The leader, tippet and fly are three very important components in fly fishing. To exemplify, put yourself in a fish’s fins for a moment. Imagine yourself as a fish at a fancy restaurant surrounded by a room full of hungry diners. Everyone’s waiting to feast on the special, Crawdad Thermidor. The host seated you at your favorite table, the one on the quiet side of the room surrounded by green flora. After giving your order to the waitress, the special of course, you wait patiently watching the flow of waitresses as they pass by, carrying trays of food. Finally the line of waitresses extends your way and the leader prepares to deliver your dish. She approaches your table so quietly and so gracefully that the only thing you notice is the cuisine drifting your direction. She eloquently presents the dish in front of you, and without hesitation, you take a bite.
So what should you get from that yarn? Basically, fly fishing is all about presentation – inconspicuously putting a fly in front of a fish and making it look good enough to eat. That’s where the appropriate combination of the leader, tippet and fly is so important. Discussion.
In our last article selecting a fly line was discussed. As you will notice, fly line typically comes in a variety of colors ranging from plain white to hot pink. The color of the line is for the fisherman’s benefit and allows good visual recognition in most light conditions. For the most part, the fish don’t care what color your line is, it just looks black to them. However, something black attached to breakfast would not be appealing. That’s where the leader comes into play.
The leader is attached to the end of the colorful fly line and gives the fisherman a virtually transparent connection between the line and the fly. Commercially bought leaders come in a variety of lengths with 7.5’- 9’ being most common. Most leaders are tapered monofilament nylon, meaning they are a larger diameter at the butt end, which attaches to the fly line, and a smaller diameter at the tip, where the tippet or fly is tied. During the cast, the taper allows the leader to shoot through the air more efficiently and rest more softly on the surface of the water. Leaders come in different weights and strengths. The correct leader weight is primarily determined by the size of the fly.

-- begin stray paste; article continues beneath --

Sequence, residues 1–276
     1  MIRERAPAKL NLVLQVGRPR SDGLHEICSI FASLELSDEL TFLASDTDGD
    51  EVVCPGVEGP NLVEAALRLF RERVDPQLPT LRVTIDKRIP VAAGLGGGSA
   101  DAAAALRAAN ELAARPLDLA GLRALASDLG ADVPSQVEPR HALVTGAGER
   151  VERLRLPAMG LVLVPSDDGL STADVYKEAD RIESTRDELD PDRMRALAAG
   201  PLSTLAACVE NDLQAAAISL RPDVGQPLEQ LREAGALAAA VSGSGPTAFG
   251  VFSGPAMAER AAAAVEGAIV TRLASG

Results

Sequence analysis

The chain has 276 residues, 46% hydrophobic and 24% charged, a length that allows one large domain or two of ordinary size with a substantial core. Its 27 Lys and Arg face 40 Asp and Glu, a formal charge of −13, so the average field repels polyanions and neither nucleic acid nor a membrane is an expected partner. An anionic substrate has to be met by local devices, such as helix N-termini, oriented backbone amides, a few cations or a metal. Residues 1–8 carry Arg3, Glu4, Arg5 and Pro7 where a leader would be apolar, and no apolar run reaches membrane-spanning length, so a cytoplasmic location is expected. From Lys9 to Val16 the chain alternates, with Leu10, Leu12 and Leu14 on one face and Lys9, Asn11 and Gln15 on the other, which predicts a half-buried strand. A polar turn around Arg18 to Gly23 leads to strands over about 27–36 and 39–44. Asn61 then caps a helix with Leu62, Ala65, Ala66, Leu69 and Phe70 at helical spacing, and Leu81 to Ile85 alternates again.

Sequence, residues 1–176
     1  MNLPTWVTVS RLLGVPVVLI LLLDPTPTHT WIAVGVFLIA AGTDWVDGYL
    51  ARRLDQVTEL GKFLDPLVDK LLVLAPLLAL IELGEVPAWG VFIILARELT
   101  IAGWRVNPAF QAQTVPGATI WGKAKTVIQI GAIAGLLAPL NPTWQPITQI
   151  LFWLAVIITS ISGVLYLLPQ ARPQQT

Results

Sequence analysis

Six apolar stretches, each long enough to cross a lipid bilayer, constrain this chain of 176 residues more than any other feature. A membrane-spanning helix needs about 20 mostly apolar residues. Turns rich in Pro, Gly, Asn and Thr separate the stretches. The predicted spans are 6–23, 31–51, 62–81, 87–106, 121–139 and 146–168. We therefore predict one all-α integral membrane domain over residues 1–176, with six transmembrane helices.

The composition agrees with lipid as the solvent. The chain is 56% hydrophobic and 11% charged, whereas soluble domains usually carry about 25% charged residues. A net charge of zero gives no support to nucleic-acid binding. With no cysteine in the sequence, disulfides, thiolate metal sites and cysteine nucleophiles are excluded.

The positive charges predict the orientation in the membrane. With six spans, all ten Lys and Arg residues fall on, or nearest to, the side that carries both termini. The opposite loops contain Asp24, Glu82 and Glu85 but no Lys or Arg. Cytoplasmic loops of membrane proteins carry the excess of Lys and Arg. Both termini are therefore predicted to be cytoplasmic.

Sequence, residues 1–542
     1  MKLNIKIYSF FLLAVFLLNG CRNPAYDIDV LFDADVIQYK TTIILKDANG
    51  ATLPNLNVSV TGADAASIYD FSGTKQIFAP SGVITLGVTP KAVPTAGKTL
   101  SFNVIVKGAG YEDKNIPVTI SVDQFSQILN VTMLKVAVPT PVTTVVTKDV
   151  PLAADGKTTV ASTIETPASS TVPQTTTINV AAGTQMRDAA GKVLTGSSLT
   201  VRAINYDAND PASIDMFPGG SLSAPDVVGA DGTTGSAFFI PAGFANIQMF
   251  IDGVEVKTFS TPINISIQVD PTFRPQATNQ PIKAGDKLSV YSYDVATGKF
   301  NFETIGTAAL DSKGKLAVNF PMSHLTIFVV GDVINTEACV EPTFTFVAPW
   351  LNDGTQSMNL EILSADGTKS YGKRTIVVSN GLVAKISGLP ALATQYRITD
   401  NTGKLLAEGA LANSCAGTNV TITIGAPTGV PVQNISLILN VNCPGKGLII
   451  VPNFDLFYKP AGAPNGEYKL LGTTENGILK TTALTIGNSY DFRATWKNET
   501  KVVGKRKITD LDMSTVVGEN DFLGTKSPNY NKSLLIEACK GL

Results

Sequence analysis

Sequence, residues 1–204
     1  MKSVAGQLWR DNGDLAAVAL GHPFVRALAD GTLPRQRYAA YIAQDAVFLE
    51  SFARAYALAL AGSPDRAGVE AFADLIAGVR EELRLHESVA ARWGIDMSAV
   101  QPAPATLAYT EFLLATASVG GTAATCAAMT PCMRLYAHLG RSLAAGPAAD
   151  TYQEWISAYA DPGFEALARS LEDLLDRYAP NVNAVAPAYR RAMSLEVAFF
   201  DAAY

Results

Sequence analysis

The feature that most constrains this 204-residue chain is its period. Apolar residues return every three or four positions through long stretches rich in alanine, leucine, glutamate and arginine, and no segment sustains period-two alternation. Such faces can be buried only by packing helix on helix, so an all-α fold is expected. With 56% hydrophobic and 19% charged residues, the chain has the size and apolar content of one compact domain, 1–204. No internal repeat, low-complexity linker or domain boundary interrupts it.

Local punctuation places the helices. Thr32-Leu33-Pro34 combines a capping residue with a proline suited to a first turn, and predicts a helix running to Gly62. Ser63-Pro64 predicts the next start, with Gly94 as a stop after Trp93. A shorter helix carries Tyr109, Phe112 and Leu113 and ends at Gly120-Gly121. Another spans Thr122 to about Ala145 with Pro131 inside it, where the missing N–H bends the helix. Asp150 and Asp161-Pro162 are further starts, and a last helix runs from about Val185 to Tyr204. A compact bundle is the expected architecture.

So what is tippet? Tippet is a specific gage monofilament line that is attached to the end of the leader, to which you tie the fly. The tippet is usually the smallest gage line on your rig and is virtually invisible to the fish. Tippet is also very flexible and allows your fly to float or swim more naturally. Normally the tippet is 2’- 4’ in length and matches, or is smaller than, the diameter of the leader’s tip. The biggest advantage to using tippet is that it extends the life of the leader. Leaders can be expensive and if you change flies often, little by little the taper of the leader is cut away. By tying on tippet, losing taper can be avoided.
The fly is tied to the end of the tippet. What type of fish you are angling for, determines the type and size of the fly. Flies come in all different shapes and sizes that range from very small #28, to large #2. There are flies still larger, but they are categorized on a different scale. To help determine what gage leader and tippet to use with a particular size fly, many leader manufacturers insert a small chart inside their packaging. More information on flies and selection will be address in future articles.
Did you know: According to Guinness World Records, “Maria Dolores Montesinos Fernández (Spain) cast a weighted fly into a fish bowl with a neck diameter of 17.5 cm (6.8 in) without touching the sides from a distance of 7 m (22.96 ft) at the studios of El Show de los Récords, Madrid, Spain on 11 December 2001.” It didn’t say if she caught anything.